Set List
'In The Morning'
'Hold On'
'Golden Touch'
'Back To The Start'
'(Don't Go Back To) Dalston'
'Fall To Pieces'
'Pop Song 2006'
'Can't Stop This Feeling'
'LA Waltz'
'Leave Me Alone'
'Rock 'N' Roll Lies'
'Rip It Up'
'Who Needs Love'
'In The City'
'Funeral Blues'
'Stumble And Fall'
'Somewhere Else'

Monday, 27 August 2007

Carling Festival 2007: Leeds (Part 1)

My first festival experience, beautiful weather, amazing friends and a brilliant selection of bands. Maybe I was blessed this weekend, but Leeds 2007 was just about perfect and here is my review of the weekend, musically and a little more.

Thursday was the day of arrival, and as we dragged our bags through the camp the size of the whole thing dawned on me. Have to say I was pretty impressed when we managed to get a beaut of a camping spot, right near a security tower in loads of space and in a place, that was dead easy to find. Downside was being in the "Orange funfair camp" which meant close proximity to an array of rides pumping out a mix of the star wars theme tune and chart house until the early morning, aka half past 4 or even later! We learnt to live with this and all was well after the first night. At risk of using too many private jokes and going on, I think I'll try and leave the social/friend commentary here and concentrate on the least until Sunday night!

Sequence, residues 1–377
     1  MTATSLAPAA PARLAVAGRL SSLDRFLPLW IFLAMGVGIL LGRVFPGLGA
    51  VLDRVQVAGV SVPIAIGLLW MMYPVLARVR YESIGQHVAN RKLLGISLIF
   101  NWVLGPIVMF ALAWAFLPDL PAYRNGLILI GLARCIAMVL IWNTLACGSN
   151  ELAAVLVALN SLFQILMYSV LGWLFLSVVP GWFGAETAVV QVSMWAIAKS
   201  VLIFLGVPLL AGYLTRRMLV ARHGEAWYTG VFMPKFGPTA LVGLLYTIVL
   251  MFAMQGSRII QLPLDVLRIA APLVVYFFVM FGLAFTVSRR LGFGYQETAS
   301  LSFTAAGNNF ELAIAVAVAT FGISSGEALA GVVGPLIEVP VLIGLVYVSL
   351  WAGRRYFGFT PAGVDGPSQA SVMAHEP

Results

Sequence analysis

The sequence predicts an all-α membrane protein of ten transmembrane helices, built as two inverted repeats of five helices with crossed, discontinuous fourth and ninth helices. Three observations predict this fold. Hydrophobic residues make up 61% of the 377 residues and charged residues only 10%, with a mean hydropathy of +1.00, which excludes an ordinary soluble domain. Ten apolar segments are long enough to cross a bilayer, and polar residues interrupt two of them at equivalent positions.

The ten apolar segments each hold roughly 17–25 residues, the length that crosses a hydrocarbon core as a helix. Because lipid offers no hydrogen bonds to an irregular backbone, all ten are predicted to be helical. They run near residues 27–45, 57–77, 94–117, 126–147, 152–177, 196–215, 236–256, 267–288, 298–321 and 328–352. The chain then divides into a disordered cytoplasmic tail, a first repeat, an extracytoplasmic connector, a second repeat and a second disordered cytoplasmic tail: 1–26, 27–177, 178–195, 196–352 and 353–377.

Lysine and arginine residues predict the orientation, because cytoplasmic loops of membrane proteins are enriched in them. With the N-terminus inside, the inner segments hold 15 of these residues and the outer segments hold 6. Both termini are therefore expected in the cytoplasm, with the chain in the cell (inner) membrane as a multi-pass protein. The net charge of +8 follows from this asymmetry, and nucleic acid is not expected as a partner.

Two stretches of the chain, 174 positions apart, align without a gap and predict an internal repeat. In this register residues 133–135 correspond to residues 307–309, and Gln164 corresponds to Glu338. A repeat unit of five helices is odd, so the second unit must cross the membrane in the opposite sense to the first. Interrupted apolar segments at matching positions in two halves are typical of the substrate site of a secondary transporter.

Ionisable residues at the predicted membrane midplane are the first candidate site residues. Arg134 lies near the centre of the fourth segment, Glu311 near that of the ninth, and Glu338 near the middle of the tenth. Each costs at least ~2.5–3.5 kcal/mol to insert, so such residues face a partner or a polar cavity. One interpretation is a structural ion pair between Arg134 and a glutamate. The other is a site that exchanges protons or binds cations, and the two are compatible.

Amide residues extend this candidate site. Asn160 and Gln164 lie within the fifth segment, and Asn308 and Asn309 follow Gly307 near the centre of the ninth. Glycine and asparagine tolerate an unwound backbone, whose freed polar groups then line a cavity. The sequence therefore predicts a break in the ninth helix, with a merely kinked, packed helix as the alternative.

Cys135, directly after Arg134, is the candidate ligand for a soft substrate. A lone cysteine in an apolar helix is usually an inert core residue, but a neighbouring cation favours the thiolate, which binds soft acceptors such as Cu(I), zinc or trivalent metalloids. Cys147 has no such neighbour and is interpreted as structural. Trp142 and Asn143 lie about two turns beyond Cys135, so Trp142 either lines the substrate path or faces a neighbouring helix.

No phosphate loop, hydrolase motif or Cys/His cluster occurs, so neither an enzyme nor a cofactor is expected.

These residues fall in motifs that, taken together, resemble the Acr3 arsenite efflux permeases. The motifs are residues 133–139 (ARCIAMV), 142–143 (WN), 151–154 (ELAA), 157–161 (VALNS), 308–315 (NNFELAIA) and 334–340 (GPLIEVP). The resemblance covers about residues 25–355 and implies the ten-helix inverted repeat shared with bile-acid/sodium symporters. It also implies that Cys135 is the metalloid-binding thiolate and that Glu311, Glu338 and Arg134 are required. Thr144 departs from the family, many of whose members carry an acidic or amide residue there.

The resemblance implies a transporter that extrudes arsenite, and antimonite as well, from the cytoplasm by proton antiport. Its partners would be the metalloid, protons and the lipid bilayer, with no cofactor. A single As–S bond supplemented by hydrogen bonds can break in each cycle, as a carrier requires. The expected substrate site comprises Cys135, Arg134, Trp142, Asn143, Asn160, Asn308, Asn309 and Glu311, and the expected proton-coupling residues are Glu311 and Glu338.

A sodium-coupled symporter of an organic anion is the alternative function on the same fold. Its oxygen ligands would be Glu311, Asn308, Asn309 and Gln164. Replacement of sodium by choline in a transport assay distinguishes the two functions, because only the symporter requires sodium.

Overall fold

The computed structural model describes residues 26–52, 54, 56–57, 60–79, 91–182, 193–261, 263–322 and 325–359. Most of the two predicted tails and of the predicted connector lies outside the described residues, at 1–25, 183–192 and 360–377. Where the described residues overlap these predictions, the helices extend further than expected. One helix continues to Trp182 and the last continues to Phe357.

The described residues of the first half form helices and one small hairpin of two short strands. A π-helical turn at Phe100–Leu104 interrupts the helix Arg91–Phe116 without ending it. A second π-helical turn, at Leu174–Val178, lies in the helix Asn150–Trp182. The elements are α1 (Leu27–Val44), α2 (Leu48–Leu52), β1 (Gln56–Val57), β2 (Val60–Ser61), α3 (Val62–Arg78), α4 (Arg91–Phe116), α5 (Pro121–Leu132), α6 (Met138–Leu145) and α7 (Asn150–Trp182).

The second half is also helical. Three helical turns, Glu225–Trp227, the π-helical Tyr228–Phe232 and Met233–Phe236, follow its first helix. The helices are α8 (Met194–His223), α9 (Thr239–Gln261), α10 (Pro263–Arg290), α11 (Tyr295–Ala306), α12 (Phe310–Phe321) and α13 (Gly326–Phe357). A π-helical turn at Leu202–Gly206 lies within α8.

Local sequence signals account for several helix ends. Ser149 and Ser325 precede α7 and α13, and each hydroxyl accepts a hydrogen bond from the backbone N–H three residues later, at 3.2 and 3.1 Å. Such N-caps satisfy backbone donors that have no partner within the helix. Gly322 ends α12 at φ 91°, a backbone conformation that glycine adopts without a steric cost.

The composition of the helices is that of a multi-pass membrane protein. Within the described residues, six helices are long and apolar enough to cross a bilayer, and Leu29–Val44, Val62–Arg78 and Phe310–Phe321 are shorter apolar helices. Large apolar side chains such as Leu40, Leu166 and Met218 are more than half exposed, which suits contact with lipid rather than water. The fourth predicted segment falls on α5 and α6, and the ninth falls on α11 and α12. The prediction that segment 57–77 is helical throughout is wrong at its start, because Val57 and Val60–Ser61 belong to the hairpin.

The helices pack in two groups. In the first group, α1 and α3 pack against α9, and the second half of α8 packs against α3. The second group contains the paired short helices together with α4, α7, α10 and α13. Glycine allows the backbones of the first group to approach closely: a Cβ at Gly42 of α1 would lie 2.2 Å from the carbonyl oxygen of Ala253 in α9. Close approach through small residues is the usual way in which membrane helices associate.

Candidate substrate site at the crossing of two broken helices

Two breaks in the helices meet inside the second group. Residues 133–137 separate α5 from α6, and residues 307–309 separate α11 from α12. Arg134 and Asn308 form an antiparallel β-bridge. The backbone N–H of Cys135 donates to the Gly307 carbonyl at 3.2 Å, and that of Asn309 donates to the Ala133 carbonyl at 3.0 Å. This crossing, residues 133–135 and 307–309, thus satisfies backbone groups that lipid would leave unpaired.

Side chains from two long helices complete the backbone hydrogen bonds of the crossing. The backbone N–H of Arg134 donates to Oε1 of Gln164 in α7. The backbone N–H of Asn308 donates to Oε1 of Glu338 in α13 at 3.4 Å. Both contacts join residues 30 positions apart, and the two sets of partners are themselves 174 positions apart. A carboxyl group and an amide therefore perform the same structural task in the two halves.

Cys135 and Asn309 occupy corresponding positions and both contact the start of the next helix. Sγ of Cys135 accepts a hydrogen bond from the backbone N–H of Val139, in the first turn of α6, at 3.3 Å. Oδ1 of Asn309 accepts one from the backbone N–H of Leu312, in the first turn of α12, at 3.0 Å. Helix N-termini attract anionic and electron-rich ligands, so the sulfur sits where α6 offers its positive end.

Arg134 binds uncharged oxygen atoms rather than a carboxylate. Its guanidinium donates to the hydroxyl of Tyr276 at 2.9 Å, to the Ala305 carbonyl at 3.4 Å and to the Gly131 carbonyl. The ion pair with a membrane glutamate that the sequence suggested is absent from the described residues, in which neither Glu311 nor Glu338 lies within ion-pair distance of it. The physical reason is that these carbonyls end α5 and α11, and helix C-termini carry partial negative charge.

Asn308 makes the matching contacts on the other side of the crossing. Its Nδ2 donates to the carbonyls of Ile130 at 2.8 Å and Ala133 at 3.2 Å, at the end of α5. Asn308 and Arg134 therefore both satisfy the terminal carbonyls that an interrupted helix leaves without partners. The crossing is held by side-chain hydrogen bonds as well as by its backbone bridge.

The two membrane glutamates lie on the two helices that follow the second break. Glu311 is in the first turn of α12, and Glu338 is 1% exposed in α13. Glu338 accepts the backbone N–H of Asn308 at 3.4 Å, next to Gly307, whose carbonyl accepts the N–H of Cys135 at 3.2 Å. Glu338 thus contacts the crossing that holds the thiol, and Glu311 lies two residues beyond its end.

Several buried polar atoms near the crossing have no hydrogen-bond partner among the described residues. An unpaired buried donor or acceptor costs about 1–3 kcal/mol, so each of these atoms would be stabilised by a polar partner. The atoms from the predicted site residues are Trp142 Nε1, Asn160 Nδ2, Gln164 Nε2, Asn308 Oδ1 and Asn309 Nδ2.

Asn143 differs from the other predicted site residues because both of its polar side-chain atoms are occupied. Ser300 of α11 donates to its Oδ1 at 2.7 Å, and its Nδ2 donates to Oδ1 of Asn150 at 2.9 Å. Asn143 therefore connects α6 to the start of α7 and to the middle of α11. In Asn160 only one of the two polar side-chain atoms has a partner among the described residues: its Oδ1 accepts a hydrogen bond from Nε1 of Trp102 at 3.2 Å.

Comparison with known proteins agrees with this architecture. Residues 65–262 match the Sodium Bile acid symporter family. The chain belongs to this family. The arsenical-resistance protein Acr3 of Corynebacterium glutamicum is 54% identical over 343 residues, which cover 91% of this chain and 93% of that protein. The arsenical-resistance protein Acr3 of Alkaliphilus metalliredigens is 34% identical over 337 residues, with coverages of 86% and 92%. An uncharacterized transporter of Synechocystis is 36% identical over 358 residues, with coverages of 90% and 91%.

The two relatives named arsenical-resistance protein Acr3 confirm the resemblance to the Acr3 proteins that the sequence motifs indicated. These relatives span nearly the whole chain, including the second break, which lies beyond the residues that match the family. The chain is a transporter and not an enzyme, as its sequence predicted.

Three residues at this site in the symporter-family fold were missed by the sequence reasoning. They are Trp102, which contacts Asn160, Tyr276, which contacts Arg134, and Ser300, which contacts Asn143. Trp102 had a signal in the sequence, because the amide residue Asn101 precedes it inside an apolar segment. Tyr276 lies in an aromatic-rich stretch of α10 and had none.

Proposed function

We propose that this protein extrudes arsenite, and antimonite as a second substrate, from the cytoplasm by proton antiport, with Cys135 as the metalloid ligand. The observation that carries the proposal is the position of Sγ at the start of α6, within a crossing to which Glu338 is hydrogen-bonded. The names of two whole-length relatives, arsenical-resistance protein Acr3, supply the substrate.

After a poor nights sleep, we arose early for the music on Friday only to be caught in the one logistical nightmare of the weekend, a massive bottleneck of people around the main entrance which meant being stuck for an hour and a half, and missing any acts before half one. My first show of the weekend then, was Billy Talent. They were much better than I expected and musically very sound although those vocals did grate on me a little bit. Still, a fun show and good way to start. After that The Used came on the main stage, and after a couple of songs I decided to leave with a couple friends and sample some of the other music. Unfortunately I stumbled across a pretty poor attempt at lad rock, named The Sunshine Underground and decided to return to the main for the rest of The Used and a chill in the sun. Bert McCracken made an early claim for most annoying frontman of the weekend with constant whining about parents, school, money etc so we all had a good laugh about that.